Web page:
FIG. 4 is a longitudinal section view of the connector 12, taken along section line 44 of FIG. 1. The forward end of the bore 70 of the pin body 16 has a tapered entrance 94, and the rearward end of the bore 70 has a tapered entrance 96. The bore 70 has a region 98 which is tapered to a reduced diameter in an inward direction, extending from the rearward end toward the forward end, and defining a profile having a two degree taper. An intermediate portion of the bore 70 has a guide taper 100, which is preferably a twenty degree included taper, sidewall to sidewall across the internal diameter of the bore 70, that is, with each sidewall-of the bore 70 in the guide taper 100 having an internal taper often degrees in relation to the longitudinal axis 40. The guide taper 100 extends into a larger diameter bore 102, with a forward facing shoulder 104 extending therebetween. The shoulder 102 provides a stop for the rearward end face 50 of the ferrule 14. The guide taper 100 of the bore 70 tapers to guide the T-fiber 34 into the tapered entrance 48 of the ferrule 14, for guiding the T-fiber 34 into the bore 46 of the ferrule 14.

The guide tube 18 has the bore 78, which preferably is sized for passing the fiber 34, including the buffer coating 120 of the fiber 34. The tapered section 98 provides a stop means within which the guide tube 18 is secured within the pin body 16, by being wedged within the tapered section 98 of the bore 70. In other embodiments, shoulders and coupling sleeves, such as threaded coupling sleeves, snap rings, and the like, may be provided for securing the fiber guide tube 18 within the pin body 16.

FIG. 5 shows the strain relief tube 30 having an adjoining dust cover 32. The dust cover 32 is sealed. The dust cover 32 and the strain relief tube 30 are integrally formed, joined along the region depicted by the dotted line 38. Immediately prior to assembly, the dust cover 32 is separated from the strain relief tube 30 by being cut along the dotted line 38. The strain relief tube 30 is tubular having a central passage which runs the longitudinal length of the tube 30.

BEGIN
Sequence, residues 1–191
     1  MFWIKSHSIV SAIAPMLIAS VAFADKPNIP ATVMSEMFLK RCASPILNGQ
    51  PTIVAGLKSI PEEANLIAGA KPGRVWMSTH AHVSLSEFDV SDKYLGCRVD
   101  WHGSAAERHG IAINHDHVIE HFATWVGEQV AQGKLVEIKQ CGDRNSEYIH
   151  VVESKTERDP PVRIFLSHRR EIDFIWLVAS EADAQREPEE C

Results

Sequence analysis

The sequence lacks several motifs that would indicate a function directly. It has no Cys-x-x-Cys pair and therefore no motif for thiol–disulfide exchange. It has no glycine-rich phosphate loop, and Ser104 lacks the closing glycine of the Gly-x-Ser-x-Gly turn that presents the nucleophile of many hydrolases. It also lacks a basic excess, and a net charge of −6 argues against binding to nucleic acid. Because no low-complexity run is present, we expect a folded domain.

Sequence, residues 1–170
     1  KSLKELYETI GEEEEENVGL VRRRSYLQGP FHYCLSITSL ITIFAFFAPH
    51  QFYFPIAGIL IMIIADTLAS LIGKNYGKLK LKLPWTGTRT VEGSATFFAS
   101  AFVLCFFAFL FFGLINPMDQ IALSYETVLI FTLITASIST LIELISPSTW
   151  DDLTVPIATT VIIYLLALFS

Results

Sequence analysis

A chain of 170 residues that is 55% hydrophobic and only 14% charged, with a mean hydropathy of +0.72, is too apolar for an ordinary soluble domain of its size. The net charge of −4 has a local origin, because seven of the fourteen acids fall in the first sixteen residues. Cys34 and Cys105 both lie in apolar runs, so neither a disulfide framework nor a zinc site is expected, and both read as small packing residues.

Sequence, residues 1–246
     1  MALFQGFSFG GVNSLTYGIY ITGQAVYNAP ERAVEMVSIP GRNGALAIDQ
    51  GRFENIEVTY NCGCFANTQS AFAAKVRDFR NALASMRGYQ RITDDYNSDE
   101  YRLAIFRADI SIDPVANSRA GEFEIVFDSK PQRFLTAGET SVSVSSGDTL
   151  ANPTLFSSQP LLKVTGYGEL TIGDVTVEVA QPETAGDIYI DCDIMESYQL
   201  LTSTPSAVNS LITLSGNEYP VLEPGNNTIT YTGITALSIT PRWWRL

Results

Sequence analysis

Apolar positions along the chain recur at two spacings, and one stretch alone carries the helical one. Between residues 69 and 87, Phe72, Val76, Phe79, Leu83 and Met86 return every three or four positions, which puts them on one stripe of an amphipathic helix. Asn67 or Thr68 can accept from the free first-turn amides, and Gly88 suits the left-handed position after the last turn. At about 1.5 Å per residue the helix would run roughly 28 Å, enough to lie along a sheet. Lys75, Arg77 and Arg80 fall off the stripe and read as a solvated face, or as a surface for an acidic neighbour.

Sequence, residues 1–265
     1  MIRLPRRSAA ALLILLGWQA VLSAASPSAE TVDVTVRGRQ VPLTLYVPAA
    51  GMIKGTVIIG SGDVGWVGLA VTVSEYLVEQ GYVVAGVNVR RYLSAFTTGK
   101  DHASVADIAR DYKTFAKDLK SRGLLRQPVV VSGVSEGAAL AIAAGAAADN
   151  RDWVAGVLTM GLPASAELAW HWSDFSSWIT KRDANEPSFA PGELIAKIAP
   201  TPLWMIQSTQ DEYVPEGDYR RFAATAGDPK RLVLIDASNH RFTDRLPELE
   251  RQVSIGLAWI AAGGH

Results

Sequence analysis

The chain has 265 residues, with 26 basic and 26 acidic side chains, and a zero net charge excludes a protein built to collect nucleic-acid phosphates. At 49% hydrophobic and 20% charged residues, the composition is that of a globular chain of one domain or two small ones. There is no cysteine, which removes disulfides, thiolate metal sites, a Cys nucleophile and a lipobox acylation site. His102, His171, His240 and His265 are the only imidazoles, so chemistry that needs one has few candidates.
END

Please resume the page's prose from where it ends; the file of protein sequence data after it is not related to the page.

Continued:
FIGS. 6-11 are sectional views of the ferrule 14 and side views of the P-fiber 36, which schematically depict factory pretermination of the P-fiber into the ferrule 14. Although FIGS. 7-19 depict a significant difference between the diameter of the bore 46 and the diameters of the T-fiber 34 and P-fiber 36, this difference in size is shown for illustrative purposes, and it should be noted that the fibers 34 and 36 preferably have fiber core diameters, after the buffer coatings are removed, of approximately 125.0 micrometers, and the diameter of the bore 46 of the ferrule 14 is preferably in a range of 126.0 to 129.0 micrometers. The ferrule 14 and the P-fiber 36 are preferably placed in respective assembly fixtures, such as that discussed below in reference to FIG. 20. A rearward section 107 is first cleaved from the P-fiber 36, as shown in FIG. 6. Preferably, a high precision cleaving tool of the type which is commonly used for assembly of optical fibers with fiber optic connectors is used for cutting the end of the P-fiber 36. Cleaving tools in which the optical fiber being cut is first clamped, scored and then broken off by the tool, to provide a substantially planar end face for the optical fiber. The P-fiber 36 is then inserted into the tapered guide entrance 48 of the rearward face 50 of the ferrule 14. The fiber 36 is pushed through the bore 46 until the fiber 36 extends from the forward end face of the ferrule 14 as shown in FIG. 7.

In FIG. 8, an index matching gel (“IM gel”) 106 is applied to the rearward face 108 and portion of an end section of the exterior periphery of the P-fiber 36. The P-fiber 36 is then pulled into a forward position with a portion of the P-fiber 36 remaining within the ferrule 14, as shown in FIG. 9. Then, an adhesive 110 is applied to a portion of the periphery of the P-fiber 36 which is disposed adjacent to the forward face 44 of the ferrule 14. Preferably, a military approved epoxy adhesive is used for the adhesive 110, such as that available from Epoxy Technology Inc., of Billerica, Mass., under the trademark EPO-TEK®-353ND. Then, as shown in FIG. 10, the P-fiber 36 is pushed rearward and back into the bore 46, such that the adhesive 110 extends between the bore 46 of the ferrule 14 and the exterior periphery of the P-fiber 36. The P-fiber 36 will preferably extend into the bore 46 for a distance of approximately one and one-half millimeters, which will be final length of the P-fiber 36 after pretermination is complete.